New and improved vertebral augmentation system shows promise
MedWire News: A new percutaneous vertebral augmentation device has demonstrated significant improvements on existing treatments, according to preliminary clinical findings.
"Vertebral compression fractures are common injuries with an incidence of 1.4 million each year. Manifestations of fractured vertebrae include severe chronic back pain, disability, and reductions in quality of life as well as greater risk of future vertebral fracture," say Panagiotis Korovessis (General Hospital "Agios Andreas", Patras, Greece, and team.
Vertebral compression fractures caused by osteoporosis can currently be treated using minimally invasive vertebral augmentation techniques but cement leakage is a common problem.
Initial testing of the Kiva system (Benvenue Medical, Santa Clara, California, USA) suggests that this new procedure minimizes cement leakage to clinically insignificant levels.
"[The Kiva system] was designed to reduce and stabilize osteoporotic vertebral fractures by deploying a coiled PEEK [polyetheretherketone] implant which is then augmented with cement. This technique allows directional cement delivery, which helps to facilitate cement containment," write the researchers in the journal BMC Musculoskeletal Disorders.
The study, involved 26 patients, of mean age 74 years, with 42 identified vertebral fractures. The patients were evaluated before, and again 2 and 6 months after undergoing the Kiva system treatment at the patients' fracture sites, which were all located between T10 and S1. The majority of fractures were symptomatic osteoporotic fractures (n=34) that had occurred within the previous 3 months, the remainder were pathologic fractures, caused by myeloma or metastatis.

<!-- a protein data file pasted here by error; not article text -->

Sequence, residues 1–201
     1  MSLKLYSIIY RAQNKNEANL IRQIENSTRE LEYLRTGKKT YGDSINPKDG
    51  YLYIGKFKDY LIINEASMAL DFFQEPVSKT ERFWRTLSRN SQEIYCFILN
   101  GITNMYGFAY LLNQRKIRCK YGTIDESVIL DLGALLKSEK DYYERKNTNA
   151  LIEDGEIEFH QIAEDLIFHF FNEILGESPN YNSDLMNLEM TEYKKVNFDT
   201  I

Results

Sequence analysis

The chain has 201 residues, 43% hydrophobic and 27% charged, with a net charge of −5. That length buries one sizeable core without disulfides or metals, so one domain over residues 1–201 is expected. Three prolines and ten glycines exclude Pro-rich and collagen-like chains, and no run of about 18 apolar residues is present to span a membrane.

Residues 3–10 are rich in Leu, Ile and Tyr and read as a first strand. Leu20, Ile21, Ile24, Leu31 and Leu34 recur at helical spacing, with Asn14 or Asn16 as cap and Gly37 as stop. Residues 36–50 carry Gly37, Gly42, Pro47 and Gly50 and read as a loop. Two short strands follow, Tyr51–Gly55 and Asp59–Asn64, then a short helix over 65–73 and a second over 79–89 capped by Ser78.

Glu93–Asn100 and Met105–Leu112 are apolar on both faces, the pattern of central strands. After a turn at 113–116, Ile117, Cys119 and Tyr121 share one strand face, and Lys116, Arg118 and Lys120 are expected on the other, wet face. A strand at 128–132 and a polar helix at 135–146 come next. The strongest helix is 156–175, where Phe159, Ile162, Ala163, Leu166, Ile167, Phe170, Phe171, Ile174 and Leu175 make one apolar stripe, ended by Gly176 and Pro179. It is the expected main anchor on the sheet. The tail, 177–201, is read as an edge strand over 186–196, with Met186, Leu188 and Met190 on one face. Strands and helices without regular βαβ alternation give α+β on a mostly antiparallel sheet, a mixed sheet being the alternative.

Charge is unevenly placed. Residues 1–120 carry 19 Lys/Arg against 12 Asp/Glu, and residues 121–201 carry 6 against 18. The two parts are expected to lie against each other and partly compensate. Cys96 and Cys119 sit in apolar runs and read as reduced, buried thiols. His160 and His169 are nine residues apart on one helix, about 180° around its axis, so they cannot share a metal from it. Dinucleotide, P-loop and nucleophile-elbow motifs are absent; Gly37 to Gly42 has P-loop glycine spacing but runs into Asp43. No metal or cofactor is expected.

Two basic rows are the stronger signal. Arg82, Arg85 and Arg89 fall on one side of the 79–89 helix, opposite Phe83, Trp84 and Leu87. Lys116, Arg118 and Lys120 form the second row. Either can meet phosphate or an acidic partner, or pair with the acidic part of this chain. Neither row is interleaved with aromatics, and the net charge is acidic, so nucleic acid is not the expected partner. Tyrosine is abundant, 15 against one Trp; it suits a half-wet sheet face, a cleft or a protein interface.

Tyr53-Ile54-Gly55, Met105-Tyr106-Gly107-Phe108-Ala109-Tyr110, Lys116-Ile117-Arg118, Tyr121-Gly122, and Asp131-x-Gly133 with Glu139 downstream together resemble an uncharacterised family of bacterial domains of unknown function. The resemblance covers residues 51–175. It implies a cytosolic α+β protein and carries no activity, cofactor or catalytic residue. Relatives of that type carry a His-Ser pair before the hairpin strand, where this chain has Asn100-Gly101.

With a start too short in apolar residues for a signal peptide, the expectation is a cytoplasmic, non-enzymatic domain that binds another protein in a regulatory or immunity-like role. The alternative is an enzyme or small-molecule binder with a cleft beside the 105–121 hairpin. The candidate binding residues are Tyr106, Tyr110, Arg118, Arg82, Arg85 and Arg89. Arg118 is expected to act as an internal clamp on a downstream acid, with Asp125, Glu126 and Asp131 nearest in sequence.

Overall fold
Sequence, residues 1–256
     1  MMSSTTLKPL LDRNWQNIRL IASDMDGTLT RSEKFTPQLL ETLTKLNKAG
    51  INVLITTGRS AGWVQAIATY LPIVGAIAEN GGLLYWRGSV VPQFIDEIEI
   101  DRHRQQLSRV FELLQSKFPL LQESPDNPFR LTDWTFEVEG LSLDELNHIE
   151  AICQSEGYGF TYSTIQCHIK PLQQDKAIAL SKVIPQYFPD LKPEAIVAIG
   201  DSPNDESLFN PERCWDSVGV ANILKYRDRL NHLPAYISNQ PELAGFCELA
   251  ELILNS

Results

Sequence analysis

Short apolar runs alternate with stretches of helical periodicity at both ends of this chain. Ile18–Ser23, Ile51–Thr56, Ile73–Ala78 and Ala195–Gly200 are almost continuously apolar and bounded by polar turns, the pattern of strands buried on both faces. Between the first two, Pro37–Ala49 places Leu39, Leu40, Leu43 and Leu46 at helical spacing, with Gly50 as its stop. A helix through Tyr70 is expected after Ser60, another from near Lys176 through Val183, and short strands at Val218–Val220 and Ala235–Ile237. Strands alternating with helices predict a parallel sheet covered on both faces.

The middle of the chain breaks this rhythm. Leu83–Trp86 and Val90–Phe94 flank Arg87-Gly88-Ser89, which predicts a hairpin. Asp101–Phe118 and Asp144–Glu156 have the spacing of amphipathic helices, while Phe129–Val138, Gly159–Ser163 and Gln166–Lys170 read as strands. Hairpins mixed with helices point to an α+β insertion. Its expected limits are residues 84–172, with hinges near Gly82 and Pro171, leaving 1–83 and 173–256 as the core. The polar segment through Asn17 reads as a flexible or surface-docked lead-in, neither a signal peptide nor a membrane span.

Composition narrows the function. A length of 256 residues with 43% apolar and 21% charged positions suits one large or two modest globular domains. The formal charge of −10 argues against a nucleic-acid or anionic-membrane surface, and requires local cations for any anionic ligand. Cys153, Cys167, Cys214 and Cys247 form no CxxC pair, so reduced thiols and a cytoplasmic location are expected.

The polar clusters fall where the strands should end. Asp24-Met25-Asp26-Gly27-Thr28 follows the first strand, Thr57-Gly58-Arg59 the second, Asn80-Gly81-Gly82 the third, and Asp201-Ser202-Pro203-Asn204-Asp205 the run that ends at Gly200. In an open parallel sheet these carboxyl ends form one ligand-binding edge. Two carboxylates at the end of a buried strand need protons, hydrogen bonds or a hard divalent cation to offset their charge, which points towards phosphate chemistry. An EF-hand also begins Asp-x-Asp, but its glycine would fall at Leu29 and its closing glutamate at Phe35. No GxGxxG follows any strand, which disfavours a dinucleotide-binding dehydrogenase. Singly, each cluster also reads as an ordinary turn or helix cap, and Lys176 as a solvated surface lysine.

Back pain, reported by the patients on an 11-point scale, improved by 70%, from a mean of 8.0 points pretreatment to 3.0 points at 6 months. Back pain-specific disability was also self-reported by the patients using the Oswestry Disability Index and improved by 56%, from 64% pretreatment to 29% at 6 months.
Using computer tomography and radiographs, the researchers were able to assess the extent of postoperative cement extravasation and found a clinically insignificant level of cement leakage. They report two observed cases of cement leakage, but that these did not result in clinical sequelae. There were no cases of intra-operative hypotension, respiratory disturbance, neurological deterioration, infection, or death, and no evidence of implant migration, subsidence, or refracture.
The researchers describe their results as "encouraging," as, although the effectiveness of vertebral augmentation remains controversial, evidence from recent trials show positive results.
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By Chloe McIvor